Th. Emil Homerin, editor-translator of the recently-published The Principles of Sufism, has long been interested in the work of ‘A’ishah al-Ba’uniyyah, who is perhaps the most prolific and prominent woman who wrote in Arabic prior to the modern period. Homerin, a professor of religion and former chair of the Department of Religion & Classics at the University of Rochester, previously translated a collection of al-Ba’uniyyah’s poems as Emanations of Grace, and likens her work to that of the famous Persian poet, Jalal al-Din Rumi.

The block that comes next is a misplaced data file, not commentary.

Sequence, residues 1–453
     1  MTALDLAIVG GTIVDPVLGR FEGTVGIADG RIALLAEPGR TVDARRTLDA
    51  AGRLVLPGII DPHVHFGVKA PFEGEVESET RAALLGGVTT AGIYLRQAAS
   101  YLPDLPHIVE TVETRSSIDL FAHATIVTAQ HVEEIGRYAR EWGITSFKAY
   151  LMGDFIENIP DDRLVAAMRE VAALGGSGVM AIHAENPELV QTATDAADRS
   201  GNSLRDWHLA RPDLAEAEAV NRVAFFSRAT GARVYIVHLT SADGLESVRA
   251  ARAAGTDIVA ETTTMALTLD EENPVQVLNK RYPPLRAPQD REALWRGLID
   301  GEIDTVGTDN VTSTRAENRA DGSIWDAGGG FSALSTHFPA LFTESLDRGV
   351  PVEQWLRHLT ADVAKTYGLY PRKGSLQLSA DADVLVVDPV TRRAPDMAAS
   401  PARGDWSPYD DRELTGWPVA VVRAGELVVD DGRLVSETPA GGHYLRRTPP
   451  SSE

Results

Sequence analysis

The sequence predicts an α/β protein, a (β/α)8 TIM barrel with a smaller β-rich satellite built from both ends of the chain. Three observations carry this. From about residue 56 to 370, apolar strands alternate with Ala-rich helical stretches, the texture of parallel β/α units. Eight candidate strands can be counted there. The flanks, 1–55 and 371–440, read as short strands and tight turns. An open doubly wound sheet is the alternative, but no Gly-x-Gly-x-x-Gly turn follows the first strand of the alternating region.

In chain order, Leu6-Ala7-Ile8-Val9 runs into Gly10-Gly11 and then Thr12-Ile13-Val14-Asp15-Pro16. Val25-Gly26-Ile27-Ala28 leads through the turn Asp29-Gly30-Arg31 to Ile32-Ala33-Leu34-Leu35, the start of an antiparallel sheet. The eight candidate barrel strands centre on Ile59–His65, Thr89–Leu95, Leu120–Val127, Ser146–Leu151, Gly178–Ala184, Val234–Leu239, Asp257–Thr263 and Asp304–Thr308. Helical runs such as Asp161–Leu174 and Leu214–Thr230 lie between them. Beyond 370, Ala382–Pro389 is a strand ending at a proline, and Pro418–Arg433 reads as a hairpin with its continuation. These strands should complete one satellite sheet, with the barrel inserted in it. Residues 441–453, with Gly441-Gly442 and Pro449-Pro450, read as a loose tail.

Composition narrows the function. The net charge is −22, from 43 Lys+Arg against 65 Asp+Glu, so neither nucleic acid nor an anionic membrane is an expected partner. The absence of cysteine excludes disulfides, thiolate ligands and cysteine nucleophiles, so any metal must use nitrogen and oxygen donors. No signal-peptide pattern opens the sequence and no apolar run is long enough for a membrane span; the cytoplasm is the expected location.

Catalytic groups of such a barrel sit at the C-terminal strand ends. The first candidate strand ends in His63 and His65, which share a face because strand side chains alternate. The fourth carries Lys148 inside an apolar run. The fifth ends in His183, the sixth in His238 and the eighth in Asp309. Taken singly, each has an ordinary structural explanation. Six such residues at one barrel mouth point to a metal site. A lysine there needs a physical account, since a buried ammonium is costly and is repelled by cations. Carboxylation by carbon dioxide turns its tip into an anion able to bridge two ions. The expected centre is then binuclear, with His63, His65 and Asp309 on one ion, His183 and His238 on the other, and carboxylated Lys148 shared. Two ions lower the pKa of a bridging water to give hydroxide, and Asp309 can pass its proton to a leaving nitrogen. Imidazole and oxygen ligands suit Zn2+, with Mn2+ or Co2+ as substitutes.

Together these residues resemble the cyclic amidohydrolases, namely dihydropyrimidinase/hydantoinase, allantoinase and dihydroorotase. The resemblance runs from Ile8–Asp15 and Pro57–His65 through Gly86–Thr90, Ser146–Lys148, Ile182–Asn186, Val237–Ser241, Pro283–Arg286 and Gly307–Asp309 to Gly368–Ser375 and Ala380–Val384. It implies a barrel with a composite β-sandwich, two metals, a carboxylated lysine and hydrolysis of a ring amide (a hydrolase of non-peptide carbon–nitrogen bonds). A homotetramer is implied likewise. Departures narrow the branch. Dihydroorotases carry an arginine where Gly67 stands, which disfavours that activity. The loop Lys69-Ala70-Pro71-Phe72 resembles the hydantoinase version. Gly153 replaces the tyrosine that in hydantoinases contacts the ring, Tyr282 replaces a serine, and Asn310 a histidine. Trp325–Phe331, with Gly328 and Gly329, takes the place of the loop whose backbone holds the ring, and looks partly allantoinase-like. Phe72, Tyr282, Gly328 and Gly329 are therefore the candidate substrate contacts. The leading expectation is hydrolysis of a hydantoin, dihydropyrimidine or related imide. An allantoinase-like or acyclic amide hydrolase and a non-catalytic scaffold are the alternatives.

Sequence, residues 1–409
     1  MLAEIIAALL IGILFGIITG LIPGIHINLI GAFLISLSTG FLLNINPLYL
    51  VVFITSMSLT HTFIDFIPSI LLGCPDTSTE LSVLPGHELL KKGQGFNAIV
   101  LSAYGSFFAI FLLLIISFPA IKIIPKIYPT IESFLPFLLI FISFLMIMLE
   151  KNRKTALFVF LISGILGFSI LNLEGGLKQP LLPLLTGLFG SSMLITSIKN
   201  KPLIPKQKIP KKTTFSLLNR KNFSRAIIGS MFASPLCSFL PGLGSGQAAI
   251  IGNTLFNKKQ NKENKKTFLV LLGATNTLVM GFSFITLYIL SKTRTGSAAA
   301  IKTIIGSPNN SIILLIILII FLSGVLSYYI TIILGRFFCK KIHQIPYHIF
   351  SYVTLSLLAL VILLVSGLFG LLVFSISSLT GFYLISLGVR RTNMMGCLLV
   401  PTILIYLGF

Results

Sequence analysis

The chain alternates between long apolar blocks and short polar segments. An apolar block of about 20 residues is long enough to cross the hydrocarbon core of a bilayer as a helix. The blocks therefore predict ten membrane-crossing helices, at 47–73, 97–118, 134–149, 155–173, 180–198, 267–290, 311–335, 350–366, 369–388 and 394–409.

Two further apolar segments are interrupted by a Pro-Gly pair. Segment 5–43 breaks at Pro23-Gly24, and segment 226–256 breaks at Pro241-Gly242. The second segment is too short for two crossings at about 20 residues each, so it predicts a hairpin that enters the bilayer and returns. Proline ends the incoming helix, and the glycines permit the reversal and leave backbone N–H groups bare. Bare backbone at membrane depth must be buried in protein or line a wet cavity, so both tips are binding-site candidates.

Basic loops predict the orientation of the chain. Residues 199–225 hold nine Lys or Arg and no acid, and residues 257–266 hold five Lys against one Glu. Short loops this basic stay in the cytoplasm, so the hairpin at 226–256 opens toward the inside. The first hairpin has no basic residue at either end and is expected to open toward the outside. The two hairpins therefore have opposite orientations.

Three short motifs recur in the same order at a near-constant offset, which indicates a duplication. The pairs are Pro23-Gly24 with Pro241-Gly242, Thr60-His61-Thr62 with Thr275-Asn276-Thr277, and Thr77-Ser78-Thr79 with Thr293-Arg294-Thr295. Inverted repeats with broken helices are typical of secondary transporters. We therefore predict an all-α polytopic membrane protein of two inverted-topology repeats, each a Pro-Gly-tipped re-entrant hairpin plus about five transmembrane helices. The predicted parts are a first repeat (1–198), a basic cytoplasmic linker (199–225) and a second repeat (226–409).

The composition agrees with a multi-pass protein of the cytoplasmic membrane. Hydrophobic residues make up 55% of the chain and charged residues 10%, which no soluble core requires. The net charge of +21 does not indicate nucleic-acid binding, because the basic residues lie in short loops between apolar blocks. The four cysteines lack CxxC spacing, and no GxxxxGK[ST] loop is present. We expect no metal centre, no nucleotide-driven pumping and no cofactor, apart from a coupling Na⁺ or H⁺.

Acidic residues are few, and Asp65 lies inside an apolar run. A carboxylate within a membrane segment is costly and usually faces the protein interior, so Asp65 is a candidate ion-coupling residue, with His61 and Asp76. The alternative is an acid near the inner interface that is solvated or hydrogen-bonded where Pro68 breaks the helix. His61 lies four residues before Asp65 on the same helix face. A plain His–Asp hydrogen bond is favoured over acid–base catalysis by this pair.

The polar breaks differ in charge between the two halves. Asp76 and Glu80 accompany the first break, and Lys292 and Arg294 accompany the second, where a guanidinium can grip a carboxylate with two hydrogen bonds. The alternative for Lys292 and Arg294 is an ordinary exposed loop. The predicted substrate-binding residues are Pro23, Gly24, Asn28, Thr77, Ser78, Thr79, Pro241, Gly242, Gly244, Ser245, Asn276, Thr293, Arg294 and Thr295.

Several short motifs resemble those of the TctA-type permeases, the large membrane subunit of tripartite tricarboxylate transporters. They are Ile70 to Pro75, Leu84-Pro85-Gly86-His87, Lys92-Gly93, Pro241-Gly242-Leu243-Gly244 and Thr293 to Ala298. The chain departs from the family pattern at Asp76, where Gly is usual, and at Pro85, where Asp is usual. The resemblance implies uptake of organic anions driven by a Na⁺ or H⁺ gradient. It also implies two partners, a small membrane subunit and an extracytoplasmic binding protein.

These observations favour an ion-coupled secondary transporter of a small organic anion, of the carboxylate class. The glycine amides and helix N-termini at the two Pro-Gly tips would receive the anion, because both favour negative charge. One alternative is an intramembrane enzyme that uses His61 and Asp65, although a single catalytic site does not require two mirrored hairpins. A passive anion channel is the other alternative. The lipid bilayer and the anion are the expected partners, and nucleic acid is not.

In a Skype interview originally published on the Library of Arabic Literature, Homerin talked about how he found al-Ba’uniyyah’s manuscripts—which was like finding “a needle in a haystack”—and what changes when you can read Sufi poetry alongside the author’s own spiritual guidebook.
Originally published in 2014, this interview is a re-run for Women in Translation Month (#WITMonth).
ArabLit: Before translating
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